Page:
Bits and pieces are coming together to build the lights and fenders for the Sprint-T, in the form of a turn-signal/marker light that can be mounted over or under the headlights on the backing bracket for the buckets that hold and aim the headlights. It’s not much, just a strip of amber LEDs in a weatherproof housing with a 3 wire hookup, ground, high, and low light output to cover all the functions the light has to perform.
How I hook the lights up depends on how the low and high outputs function. If high power overrides low power inputs then I will drive around with the low power and ignition switch on the same inputs, but the other way around, low power overriding the high power input I have DRL and I connect the turn signals to the low power to make them blink at low power and cause the DRL to flash. It all depends on how the light reacts to inputs. And to know that I had to buy a power supply and test leads. My old 12V power supply burned out about a decade ago when I was building high-output bike lights and taillights, and apparently my test leads went with it in the trash. The new power supply is big enough to test all my 12V lights, just not at the same time.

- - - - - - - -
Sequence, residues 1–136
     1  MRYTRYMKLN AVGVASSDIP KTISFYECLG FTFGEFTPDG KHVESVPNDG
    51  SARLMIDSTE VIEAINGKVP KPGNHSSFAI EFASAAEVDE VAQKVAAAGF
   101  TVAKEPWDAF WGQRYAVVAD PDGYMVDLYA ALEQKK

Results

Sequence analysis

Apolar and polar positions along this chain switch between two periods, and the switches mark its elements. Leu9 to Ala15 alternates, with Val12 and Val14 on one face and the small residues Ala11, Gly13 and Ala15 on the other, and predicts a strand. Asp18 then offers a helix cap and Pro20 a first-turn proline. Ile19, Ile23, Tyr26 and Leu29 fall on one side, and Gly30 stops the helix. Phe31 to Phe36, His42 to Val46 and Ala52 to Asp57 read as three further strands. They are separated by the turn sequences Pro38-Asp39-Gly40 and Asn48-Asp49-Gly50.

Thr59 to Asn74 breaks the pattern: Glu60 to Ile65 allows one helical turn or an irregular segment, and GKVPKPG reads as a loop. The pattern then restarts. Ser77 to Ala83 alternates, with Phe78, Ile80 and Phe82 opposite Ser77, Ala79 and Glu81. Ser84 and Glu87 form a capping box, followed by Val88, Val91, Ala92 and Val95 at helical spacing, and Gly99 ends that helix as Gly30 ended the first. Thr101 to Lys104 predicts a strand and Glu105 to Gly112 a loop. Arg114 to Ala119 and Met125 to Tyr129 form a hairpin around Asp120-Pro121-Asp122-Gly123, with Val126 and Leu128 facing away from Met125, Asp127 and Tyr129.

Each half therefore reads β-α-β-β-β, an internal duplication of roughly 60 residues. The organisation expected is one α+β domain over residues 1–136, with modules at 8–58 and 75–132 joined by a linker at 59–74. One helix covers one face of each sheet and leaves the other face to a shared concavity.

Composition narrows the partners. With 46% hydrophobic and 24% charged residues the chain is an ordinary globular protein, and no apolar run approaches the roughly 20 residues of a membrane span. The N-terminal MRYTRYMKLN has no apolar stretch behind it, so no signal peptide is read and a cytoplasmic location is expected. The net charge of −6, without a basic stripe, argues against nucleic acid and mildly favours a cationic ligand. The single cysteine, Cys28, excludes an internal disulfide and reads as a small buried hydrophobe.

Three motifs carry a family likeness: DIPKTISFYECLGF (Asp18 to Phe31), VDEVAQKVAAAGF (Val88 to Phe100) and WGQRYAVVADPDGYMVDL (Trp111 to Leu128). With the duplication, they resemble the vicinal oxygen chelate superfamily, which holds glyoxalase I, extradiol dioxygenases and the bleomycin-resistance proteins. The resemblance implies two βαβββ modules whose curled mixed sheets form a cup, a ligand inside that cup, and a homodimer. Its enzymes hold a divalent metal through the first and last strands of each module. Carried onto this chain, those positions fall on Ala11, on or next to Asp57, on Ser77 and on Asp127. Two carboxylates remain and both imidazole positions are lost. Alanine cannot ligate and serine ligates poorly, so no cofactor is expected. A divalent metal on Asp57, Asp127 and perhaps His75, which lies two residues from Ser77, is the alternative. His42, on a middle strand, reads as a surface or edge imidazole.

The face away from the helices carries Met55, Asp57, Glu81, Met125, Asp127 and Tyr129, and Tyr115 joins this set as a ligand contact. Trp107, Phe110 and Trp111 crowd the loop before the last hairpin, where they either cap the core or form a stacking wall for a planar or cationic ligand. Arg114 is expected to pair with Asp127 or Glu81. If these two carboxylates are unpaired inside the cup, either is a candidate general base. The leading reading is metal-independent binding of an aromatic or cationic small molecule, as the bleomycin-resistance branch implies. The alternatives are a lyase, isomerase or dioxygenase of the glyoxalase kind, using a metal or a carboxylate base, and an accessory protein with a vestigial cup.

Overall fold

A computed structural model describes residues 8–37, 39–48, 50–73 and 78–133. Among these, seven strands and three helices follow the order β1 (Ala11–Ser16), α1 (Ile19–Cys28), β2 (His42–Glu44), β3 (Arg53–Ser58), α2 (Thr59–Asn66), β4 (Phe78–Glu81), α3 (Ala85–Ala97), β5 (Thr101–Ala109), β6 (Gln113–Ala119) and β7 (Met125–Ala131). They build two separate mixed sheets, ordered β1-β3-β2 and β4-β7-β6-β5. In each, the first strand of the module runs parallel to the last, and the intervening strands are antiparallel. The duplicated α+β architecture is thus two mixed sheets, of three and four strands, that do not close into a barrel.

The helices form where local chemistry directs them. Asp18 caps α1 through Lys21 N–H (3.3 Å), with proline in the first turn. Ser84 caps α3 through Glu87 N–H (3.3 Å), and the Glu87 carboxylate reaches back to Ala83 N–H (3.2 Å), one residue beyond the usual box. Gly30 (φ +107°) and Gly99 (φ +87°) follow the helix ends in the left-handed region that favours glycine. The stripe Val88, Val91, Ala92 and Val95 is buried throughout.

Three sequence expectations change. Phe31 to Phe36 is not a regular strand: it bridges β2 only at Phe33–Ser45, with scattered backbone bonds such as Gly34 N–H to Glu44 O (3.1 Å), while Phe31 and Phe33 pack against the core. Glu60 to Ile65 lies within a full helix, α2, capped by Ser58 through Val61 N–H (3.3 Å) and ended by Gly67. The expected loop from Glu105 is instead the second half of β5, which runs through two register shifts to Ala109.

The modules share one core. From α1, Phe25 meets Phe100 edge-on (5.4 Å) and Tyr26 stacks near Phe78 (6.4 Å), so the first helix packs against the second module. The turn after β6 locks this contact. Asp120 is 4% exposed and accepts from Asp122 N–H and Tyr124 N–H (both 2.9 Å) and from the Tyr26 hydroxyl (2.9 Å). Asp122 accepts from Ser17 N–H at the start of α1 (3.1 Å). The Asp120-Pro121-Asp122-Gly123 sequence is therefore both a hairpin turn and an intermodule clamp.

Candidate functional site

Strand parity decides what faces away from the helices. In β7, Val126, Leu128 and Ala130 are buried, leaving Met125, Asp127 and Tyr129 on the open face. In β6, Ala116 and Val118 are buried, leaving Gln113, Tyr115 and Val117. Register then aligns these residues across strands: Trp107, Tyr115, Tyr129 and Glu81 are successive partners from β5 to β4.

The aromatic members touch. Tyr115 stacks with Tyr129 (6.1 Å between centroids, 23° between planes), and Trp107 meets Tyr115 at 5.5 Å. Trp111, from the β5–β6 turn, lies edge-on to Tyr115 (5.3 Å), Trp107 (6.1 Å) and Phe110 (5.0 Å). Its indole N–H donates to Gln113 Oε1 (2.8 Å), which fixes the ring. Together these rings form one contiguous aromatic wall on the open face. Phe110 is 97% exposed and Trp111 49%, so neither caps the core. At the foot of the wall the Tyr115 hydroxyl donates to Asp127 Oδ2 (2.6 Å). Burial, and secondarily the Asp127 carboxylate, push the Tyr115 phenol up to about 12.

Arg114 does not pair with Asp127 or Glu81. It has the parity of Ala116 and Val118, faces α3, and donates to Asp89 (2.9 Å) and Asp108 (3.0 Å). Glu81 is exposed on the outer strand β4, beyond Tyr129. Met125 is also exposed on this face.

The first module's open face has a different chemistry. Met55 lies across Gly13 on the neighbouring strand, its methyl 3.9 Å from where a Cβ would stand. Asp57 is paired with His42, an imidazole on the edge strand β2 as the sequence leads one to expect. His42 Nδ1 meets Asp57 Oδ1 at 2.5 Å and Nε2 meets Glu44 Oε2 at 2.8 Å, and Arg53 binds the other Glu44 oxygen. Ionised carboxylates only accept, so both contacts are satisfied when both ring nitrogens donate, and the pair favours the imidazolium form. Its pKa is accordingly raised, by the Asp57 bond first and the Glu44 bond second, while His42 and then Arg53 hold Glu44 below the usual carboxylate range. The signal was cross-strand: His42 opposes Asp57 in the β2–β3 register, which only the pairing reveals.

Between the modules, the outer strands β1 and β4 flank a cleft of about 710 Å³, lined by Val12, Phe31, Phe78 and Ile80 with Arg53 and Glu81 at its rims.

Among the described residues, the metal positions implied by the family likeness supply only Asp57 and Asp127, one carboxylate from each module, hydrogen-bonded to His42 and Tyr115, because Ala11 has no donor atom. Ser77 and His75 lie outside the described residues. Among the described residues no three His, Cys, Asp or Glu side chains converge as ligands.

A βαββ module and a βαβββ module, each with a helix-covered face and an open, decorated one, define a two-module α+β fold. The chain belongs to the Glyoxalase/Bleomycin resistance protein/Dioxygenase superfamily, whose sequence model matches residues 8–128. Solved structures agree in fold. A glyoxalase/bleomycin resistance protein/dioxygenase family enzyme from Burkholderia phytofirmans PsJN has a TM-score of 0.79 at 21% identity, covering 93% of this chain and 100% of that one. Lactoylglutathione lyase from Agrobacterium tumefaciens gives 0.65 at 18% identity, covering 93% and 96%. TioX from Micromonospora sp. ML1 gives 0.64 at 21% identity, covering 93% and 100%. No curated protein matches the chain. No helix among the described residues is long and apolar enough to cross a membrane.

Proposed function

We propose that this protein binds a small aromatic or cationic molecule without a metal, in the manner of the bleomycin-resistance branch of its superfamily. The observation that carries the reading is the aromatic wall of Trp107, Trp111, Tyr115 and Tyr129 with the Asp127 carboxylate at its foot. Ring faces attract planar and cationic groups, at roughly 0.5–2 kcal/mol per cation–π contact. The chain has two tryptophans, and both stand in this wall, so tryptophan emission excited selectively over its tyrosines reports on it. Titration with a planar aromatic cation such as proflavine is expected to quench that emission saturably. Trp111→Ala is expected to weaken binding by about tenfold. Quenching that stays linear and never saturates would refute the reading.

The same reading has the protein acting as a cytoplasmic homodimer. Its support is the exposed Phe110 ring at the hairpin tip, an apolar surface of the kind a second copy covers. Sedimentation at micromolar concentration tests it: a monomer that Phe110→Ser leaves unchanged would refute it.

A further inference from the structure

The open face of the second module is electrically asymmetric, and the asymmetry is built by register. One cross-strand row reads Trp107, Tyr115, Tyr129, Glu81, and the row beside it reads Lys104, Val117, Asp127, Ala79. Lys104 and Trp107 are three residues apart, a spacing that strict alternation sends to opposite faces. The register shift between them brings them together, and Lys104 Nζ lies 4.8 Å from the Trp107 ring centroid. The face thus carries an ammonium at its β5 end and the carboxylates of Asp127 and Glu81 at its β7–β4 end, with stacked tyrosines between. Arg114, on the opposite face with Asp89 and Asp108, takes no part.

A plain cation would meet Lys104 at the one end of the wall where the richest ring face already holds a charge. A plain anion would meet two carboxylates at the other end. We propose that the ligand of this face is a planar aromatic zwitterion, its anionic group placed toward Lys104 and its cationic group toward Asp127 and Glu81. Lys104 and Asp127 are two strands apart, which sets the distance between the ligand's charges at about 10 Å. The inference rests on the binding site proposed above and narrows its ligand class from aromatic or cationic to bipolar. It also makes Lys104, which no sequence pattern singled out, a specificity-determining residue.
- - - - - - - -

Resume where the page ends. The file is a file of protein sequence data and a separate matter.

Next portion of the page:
I bought other 12V power supplies/battery chargers between when my previous one burned out and now, but they only function/supply power when there is a 12v SLA battery connected to the outputs unlike the previous versions I bought. And I no longer have any 12V SLA batteries I can plug into the circuit, if I did I wouldn’t need to buy another power supply. Fortunately this power supply is built to support large chains of LED lights, or higher power LED spotlights or landscape lights. It will power one of the headlights, but not all 4 of them at one time. The 5A limit will only handle one headlight. But I just need to test one light at a time.